Dr. Anna Feigenbaum joins The Media School at Bournemouth University as a lecturer in August 2012. In 2012-2013 she holds a postdoctoral associate post at the Rutger’s Centre for Historical Analysis at Rutgers University to conduct research on how protest camps share and exchange knowledge and strategies. Her research takes a transdisciplinary approach to communications combining sociological and cultural studies methods around the notion of collective actions as communicative phenomenon. Her work also engages technology studies to investigate new media development and expand upon traditional notions of what count as communication technologies—to include things from shoe boxes to snipped bits of wire. In 2008 she completed her PhD dissertation, ‘Tactics and Technology at the Greenham Common Women’s Peace Camp,’ at McGill University in Montreal, where her project was funded internationally by a Mellon fellowship from the Institute for Historical Research, University of London and the Social Sciences and Humanities Research Council of Canada. Published research includes studies of global resistance to fences (ephemera 2010), women’s protest music production (Journal of Popular Music 2010), and protest camp-based print cultures (Feminist Media Studies 2012). Anna is involved in campaigns around gender, sexuality, climate change and migrant rights and is a member of the Anarchist Studies Network and the Creative Resistance Research Network.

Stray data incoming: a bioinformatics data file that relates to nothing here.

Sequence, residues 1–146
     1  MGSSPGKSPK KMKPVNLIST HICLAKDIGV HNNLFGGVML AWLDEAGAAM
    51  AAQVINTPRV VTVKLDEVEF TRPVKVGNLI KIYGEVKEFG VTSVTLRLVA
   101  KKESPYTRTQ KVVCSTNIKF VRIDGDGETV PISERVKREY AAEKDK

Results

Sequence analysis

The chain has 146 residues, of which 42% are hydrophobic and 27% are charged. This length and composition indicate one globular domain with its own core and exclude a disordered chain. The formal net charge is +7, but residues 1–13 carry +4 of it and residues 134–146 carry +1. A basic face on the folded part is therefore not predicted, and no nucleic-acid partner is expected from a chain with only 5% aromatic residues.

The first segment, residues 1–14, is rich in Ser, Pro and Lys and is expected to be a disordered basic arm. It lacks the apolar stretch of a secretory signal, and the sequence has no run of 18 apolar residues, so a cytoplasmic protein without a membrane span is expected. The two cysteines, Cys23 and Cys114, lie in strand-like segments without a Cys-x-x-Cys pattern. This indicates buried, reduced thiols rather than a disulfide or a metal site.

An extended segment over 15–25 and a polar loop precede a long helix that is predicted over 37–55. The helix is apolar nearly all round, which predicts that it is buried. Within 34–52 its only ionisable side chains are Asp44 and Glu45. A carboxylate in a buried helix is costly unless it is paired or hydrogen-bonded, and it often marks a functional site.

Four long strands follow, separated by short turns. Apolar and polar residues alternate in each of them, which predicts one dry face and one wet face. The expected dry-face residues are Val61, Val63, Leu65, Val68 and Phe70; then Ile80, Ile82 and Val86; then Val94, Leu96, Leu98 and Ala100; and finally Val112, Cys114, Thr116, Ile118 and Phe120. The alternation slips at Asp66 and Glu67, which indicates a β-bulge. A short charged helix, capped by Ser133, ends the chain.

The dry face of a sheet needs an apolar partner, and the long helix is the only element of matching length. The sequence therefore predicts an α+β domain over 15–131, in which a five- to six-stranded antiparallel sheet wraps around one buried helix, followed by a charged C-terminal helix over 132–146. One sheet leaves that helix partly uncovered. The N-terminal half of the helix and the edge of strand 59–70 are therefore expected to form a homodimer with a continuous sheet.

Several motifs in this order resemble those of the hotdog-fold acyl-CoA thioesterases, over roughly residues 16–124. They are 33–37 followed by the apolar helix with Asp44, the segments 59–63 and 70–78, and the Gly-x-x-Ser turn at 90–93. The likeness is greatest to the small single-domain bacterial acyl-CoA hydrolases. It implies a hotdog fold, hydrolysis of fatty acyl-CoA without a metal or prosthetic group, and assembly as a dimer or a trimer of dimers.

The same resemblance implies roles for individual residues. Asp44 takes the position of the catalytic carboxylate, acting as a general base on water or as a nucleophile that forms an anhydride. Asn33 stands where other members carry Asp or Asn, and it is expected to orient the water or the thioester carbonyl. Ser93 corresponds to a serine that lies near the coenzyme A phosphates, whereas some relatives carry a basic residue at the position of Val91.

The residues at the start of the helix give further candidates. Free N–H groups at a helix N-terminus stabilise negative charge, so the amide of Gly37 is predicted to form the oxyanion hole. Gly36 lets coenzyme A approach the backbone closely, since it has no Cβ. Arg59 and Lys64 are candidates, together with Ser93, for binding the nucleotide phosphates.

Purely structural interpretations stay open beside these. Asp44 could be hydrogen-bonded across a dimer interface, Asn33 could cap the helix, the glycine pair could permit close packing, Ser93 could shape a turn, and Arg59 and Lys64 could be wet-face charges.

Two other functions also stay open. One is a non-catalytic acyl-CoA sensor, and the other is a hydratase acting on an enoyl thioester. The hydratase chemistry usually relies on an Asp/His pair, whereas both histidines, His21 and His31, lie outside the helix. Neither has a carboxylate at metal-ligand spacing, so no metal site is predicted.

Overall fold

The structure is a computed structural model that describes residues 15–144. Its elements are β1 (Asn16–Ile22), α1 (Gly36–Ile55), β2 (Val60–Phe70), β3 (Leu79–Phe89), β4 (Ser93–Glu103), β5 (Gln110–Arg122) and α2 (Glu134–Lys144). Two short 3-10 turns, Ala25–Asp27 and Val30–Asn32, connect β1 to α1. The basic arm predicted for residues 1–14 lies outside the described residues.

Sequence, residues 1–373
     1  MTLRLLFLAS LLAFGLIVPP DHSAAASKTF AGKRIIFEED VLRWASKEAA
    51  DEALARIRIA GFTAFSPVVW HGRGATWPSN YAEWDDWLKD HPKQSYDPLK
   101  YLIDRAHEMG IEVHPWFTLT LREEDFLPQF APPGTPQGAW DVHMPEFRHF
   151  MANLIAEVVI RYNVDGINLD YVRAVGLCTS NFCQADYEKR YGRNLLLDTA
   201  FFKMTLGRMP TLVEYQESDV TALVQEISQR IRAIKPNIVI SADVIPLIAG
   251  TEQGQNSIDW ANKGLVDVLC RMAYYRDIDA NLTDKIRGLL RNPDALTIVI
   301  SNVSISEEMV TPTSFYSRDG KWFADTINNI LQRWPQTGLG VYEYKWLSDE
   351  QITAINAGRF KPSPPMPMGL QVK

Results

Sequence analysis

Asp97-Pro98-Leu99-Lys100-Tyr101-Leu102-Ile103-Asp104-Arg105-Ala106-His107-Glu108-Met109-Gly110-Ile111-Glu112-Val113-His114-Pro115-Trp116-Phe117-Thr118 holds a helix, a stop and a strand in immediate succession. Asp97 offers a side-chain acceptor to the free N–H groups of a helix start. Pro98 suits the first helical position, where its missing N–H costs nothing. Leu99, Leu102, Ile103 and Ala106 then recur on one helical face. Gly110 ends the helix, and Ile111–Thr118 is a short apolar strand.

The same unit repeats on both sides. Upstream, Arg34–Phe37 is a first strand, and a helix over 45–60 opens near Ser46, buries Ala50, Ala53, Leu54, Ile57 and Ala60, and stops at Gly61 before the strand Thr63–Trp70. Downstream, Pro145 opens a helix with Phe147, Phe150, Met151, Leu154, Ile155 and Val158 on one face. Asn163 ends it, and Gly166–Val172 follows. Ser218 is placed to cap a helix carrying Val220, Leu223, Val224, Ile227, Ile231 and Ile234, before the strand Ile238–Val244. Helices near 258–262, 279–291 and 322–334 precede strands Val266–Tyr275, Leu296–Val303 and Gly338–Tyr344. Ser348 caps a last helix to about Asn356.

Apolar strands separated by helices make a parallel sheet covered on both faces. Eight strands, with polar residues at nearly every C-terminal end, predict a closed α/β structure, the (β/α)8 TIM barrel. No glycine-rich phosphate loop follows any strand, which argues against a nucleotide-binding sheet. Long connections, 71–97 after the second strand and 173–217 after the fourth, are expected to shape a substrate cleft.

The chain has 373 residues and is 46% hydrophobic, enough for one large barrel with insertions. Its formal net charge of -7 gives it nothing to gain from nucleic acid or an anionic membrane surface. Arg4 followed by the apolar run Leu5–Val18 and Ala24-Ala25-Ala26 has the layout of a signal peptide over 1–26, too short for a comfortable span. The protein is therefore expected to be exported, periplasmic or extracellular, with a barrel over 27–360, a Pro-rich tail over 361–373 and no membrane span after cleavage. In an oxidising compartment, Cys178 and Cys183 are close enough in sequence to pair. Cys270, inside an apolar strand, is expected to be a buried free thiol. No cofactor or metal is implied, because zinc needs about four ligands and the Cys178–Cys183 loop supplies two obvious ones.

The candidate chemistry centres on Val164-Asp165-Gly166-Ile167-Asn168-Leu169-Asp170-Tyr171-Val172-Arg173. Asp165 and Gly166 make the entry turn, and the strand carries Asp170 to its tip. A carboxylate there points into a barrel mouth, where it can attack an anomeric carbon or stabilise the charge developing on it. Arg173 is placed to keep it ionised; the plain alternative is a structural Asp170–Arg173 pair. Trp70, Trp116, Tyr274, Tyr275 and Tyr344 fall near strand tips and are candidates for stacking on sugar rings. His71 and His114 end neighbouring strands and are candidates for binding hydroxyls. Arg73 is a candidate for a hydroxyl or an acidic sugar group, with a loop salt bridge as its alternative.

Dr. Fabian Frenzel is a lecturer at Leicester University and Marie Curie Fellow at the University of Potsdam, Germany. His research and interests cover democratic politics with a special focus on the role of leisure, mobility and culture trans-national political action and the potentials and limits of a ‘globalisation from below’. His has worked on empirical cases of democratic politics in Europe and Africa, looking at issues such as alternative media, international development and climate change. His PhD thesis, titled ‘Politics in Motion: The mobilities of political tourists’ is from the Centre for Tourism and Cultural Change, Leeds Metropolitan University. It analyses critically the way activist identities and social movements are formed in practices of mobility, for example international solidarity travel or protest camps. His work has been published in journals such as Environment and Planning, Tourism Geographies and in a variety of collected editions.
Dr. Patrick McCurdy is an Assistant Professor in the Department of Communications at University of Ottawa. His research and areas of interest cover media protest and spectacle; the media practices of social movement actors; media events; and media and international development, particularly in Africa and with a specific interest in the issue of climate change. Patrick McCurdy obtained his PhD from the Department of Media and Communications at the London School of Economics and Political Science (LSE) in May 2009. His dissertation, entitled “‘I Predict a Riot’ – Mediation and Political Contention: Dissent!’s media practices at the 2005 Gleneagles G8 Summit”, focused on the ways in which radical social movement actors think about and interact with media at the site of protest. His thesis both documents the media strategies of radical social movement actors, as well as critically examines the utility of such “spectacular” actions in an age of media saturation. His work has been published in academic journals including the International Journal of Communications, Critical Discourse Studies, and Communications – European Journal of Communication Research.
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